Transfer Events
Generates multiple transfer and connection events

Plug and Play (PnP)
Generates various PnP sequences.

Device Topology
Tests a range of devices and topologies with the product.

FT Case 1: Device Enumeration

Applies to: System, dock, device

To confirm that device enumeration is functional

  1. Restart the test system and log on to Windows.
  2. Open Device Manager on the test system. From Start, type devmgmt.msc in the Search text box.
  3. Connect a device to a USB Type-C enabled system. Make sure the device is powered on or connected to an external power source, if necessary.

    • System: Connect any USB Type-C device to the system.
    • Device: Connect the device to a USB Type-C enabled system.
    • Dock: Connect any USB 3.0 device and any USB Type-C device that supports alternate mode or is a USB Type-C accessory to the dock. Connect the dock to the system.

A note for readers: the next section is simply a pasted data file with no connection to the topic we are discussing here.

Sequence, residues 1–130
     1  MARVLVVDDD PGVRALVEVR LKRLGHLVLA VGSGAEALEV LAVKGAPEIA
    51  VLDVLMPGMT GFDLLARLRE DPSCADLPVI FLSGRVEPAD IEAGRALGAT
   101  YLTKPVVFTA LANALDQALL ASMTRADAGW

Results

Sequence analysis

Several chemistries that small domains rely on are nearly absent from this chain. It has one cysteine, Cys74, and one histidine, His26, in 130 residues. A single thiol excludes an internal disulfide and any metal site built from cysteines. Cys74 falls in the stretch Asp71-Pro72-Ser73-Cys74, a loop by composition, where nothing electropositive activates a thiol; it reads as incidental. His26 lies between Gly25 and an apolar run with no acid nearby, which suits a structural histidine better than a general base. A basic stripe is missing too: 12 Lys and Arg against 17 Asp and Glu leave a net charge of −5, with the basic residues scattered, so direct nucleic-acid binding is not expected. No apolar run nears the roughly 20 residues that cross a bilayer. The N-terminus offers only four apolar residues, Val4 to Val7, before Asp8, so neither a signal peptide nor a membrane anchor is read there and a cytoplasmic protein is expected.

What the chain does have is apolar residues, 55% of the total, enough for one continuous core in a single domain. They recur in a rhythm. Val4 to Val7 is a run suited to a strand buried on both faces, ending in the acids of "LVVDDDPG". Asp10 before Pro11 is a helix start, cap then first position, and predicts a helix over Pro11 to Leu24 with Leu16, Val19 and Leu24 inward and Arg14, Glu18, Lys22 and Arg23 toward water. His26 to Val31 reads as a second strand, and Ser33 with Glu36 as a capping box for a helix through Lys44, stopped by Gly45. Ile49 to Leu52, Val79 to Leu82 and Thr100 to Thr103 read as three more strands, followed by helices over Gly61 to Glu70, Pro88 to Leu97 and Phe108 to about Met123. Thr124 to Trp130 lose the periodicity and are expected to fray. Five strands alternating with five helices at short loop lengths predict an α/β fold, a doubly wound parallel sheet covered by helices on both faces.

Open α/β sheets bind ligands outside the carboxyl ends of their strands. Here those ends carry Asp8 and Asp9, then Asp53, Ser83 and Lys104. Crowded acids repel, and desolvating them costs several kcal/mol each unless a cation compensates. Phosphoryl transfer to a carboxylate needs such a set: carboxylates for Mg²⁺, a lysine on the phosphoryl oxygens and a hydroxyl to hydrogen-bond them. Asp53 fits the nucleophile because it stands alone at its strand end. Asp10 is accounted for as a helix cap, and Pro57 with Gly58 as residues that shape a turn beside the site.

4. Confirm that the device node is added in Device Manager. For more information, see How to confirm device addition.

  5. Confirm that the plugged in devices function without errors.
  6. Disconnect the device (and dock if applicable) and observe changes in Device Manager. The dock and device should not appear in Device Manager. For more information, see How to confirm device removal.
  7. Flip or reverse the orientation of USB Type-C cable and repeat steps 3 through 6.

FT Case 2: System Boot

Applies to: System, hub, device

To confirm that the product under test does not inhibit the normal system boot process

  1. Restart the test system and log on to Windows.
  2. Connect the following USB devices to a system with an exposed USB Type-C port:

    • System: Connect these devices to an exposed USB Type-C port of the system by using a USB Type-C to USB Type-A adapter as shown in this image: